I know about the 3 clasical states of matter: Solid, Liquid and Gas. But I've also observed how between Solid and Liquid there are some materials that will have an "in-between" phase state: Liquids that get thicker as the temperature decreases until they freeze, or solids that become more malleable when the temperature raises until they melt. See for instance glass (silicon dioxide), or metals (iron, aluminium, sodium, etc.)

But I've never seen such behaviour in between liquid to gas. I've always seen all transitions between these two states as binary - the state is either gas or liquid. The closer thing I can think of is Clouds, but AFAIK they are actually made of tiny droplets of liquid water that are just on suspension in the air. Gas can get its density drastically changed by heating it up, but it always makes a big jump when going from gas to liquid.

Which makes me wonder - Why? Why do we have a in-between state between solid and liquid, but not between liquid and gas?

  • @JohnRennie I don't think crystalization has something to do with transition from liquid to gas or viceversa. – Victor Oliva Dec 11 '17 at 16:32
  • Oops, yes, sorry I misread your question. – John Rennie Dec 11 '17 at 16:33
up vote 1 down vote accepted

I would argue that you do see certain temperature-dependent responses in a liquid relative to a gas analogous to those that you see relative to a solid.

The two examples you give are the temperature-dependent viscosity of a liquid and the yield stress of a solid decreasing with increasing temperature.

For the first example, in the same way that a liquid's viscosity increases with cooling (towards a solid's high viscosity associated with its creep rate), it correspondingly decreases with heating (towards the low viscosity of the gas phase).

In the second example, the yield strength of a solid (which is one of its material properties) decreases with increasing temperature, approaching the limiting condition of a fluid, which has no yield strength. (Put another way, liquids and gases cannot sustain a shear force.)

But as I heat a liquid, its surface tension (which is another material property) decreases, approaching the limiting condition of a gas, which has no positive surface tension.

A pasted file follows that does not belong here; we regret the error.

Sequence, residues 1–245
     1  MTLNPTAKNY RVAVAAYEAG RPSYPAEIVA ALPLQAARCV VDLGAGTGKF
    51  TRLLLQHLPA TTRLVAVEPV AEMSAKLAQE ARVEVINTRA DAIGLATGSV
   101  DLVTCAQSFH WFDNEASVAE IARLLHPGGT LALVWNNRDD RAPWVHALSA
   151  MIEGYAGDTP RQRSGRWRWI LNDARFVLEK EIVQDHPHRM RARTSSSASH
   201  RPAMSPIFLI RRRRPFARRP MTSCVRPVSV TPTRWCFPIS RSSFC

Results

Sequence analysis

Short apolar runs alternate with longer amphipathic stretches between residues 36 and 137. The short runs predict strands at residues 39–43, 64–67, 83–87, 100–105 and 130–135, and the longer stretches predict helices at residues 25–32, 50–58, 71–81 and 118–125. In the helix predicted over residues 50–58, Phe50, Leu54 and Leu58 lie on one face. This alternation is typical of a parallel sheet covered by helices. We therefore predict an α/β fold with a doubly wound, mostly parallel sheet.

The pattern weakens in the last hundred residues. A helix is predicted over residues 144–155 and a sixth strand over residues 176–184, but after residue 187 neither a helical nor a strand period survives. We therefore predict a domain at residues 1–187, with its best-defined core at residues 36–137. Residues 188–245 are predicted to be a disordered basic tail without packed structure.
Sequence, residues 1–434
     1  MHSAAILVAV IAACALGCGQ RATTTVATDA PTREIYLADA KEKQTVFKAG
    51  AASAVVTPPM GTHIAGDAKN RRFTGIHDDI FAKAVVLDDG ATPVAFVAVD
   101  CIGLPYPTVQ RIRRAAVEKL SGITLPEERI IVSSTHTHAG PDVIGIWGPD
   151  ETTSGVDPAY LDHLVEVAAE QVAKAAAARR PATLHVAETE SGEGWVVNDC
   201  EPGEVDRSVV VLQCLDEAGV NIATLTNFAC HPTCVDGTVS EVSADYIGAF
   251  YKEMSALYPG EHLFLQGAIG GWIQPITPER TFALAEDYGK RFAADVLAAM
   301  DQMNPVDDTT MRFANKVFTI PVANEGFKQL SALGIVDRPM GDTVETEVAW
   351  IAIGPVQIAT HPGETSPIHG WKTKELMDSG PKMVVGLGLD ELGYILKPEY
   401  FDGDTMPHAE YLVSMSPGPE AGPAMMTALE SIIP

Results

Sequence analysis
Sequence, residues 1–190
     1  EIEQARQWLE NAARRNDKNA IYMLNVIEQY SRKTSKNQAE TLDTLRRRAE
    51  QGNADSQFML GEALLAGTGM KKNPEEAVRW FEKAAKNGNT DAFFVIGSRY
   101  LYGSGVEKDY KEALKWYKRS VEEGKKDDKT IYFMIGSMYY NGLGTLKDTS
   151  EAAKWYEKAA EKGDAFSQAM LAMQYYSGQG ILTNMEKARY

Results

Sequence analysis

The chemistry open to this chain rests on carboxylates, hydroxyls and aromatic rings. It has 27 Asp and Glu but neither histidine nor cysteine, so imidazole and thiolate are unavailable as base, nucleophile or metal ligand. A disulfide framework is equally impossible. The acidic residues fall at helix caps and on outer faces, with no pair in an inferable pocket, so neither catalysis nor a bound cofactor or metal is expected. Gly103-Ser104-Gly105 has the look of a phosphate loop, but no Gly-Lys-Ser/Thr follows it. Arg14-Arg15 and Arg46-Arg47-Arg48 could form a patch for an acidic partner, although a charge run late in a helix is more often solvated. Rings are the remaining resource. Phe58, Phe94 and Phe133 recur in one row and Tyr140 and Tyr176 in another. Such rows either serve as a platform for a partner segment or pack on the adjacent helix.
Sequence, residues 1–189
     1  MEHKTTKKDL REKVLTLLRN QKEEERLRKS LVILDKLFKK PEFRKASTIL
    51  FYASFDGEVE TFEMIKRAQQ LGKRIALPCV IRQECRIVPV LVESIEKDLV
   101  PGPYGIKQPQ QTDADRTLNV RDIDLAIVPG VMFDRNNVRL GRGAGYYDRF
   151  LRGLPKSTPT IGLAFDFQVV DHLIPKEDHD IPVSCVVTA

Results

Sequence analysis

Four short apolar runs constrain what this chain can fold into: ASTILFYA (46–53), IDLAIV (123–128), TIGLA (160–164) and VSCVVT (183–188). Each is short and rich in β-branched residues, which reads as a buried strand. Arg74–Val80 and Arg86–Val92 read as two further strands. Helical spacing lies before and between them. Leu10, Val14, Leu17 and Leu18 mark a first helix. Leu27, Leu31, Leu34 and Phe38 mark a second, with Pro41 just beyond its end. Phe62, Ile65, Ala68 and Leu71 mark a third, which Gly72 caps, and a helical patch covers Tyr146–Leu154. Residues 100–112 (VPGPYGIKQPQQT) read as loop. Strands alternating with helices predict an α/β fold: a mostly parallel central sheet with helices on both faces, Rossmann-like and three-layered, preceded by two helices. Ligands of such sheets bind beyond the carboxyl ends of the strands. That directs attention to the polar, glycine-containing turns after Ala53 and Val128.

So I don't see the situation as being quite as one-sided as you describe.

There is a state of atter between gas and liquid called "supercritical fluid." There is a thread here on that, including discussion on why supercritical fluids are not considered a separate state of matter.

  • 3
    I don't think it's correct to say that supercritical fluids are between liquid and gas. The reality is, as the pressure and temperature increase, the differences between liquid and gas phases diminish: Their densities become more alike, their viscosities become more alike, etc., until you reach the critical point where there is no difference at all. "Supercritical" is a realm beyond liquid or gas. – Solomon Slow Dec 11 '17 at 17:35

Supercritical fluids are the answer. Thee reason why they are usually non-conventional or as mentioned as liquid crystals, I believe, is purely educational. I mean, you are not going to find out supercritical fluids in your daily life...So, unfortunately, and despite all the new states of matter we do know at current time, they are not included in the academic curriculum. A pity, because who knows what applications of these states could bring in the future. Anyway, you are going to experience more plasmas than supercritical fluids in you average life-time, so...I presume, that people think this kind of matter is not very relevant for all practical purposes...Here in wikipedia has a nice entry: supercritical fluids in wikipedia

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